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  #1461  
Old 09-01-2009
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  #1462  
Old 09-08-2009
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Here's a good BFS from DrB...

Quote:
Originally Posted by DrB View Post
I survived, but it was probably not the "best decision".

I went out in the latest tropical depression that pass to the east of Cape Cod on Sunday night (Sept 6th).

We had sailed from Marblehead to P'Town on Saturday. Weather reports called for a great beach boat weekend Sat-Mon. Plan was to go to P'Town on Sat, Sunday over to Scituate, then back to Marblehead Monday. Sail to P'Town was nice and over glass smooth water. We had to motor half the time because of the time limit and we couldn't maintain a minimum of 4kt SOG.

Around 1 AM in Sunday morning, the boat was being tossed all over the place on the mooring. Winds were in the 30 kt range peak and 20 to 25 kt average. Not too bad, but I just thought it was the old sea/land air masses trading energy. We'll after an hour it didn't stop, and continued until at least 10 AM (when we left).

Forecast was calling for 20 kt winds, peak to 25 -30 with 5 -7 ft seas in Cape Cod Bay. Small Craft warning until 3 PM. Our boat is 33 ft, so just about the "small craft" limit. Seems the storm tracked a lot closer to the coast than predicted when we left on Saturday morning, hence the "new" weather. My crew and I discussed the scenarios of what to do. Wait till later, go now expecting the conditions to decrease, stay here and return to Marblehead the next day and skip Scituate. Everything on the forecast was completely in our skill set and experience, and everything in the forecast was very much underestimated.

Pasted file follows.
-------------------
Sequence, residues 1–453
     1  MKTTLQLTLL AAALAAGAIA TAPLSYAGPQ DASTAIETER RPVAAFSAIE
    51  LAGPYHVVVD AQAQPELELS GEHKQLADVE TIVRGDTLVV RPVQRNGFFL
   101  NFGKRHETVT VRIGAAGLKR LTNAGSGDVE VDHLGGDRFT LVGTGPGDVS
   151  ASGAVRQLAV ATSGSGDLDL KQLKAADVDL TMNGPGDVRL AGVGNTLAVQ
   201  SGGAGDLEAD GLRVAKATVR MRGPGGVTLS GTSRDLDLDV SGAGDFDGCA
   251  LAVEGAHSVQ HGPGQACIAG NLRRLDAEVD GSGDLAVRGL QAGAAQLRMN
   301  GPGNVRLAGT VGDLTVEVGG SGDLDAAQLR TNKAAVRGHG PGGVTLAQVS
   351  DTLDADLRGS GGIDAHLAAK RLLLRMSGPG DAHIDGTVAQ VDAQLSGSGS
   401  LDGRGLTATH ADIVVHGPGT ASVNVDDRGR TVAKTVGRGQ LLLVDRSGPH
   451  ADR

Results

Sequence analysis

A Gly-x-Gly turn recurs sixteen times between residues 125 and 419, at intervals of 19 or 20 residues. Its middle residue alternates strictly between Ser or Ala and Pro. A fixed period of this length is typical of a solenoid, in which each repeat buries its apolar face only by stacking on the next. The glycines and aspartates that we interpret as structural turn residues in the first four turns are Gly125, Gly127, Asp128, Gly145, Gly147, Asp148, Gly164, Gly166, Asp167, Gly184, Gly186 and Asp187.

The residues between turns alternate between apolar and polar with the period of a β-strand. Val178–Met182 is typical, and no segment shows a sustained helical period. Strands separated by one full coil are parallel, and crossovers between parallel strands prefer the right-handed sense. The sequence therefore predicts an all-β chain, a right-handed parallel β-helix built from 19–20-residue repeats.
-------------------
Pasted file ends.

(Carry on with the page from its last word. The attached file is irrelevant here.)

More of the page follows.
We left the mooring, after seeing a lot of boats our size, and larger, and one or two smaller, leave under full sail, but decided to put up the main only with one reef. If that was too much sail just outside the harbor, we'd turn around and go right back to the mooring. If it was super nice, both sails go up.

Things went very well, we were doing 5+ kts on a near dead run, seas were only a few feet and the boat was doing great. We turned north around the souther tip of P'Town and headed north on more of a close reach . Still making good time with only a fraction of canvas up, just over 4kts and the seas were a little bigger, maybe 3 ft, and the winds in the 17 to 20 range, so nothing worth really sweating about. By the time we cleared the northern tip and were in open water, we were almost 8 NM away from the mooring. Course change to Scituate bearing (reach) and we were off.

We tried to sail, but the but speed suffered because of the lack of canavas and the increased seas, so we motor sailed to push us along. Goal was 6 kts minimum. I didn't want to put more canvas up.

About 45 minutes after our course bearing change, the wave height went from 3 to 5, then 7, then , 9 ft. When I looked a the the horizon, it resembled a dark blue series of moving bumps with an occasional white cap. My guess is that every 10 to 15th wave was 11+ feet. Fortunately the waves were slow big rollers and the frequency was long, Unfortunately, the seas were directly abeam to us. Our boat has an 11 ft beam. We steered by looking at the to our side and turned into the really big waves and then turned again on the back side to surf down them It was very tedious, stressfull, and energy draining, We each took turns steering for 3 miles for the 22 miles we had to go. It was windy, 10 to 17, but not a factor.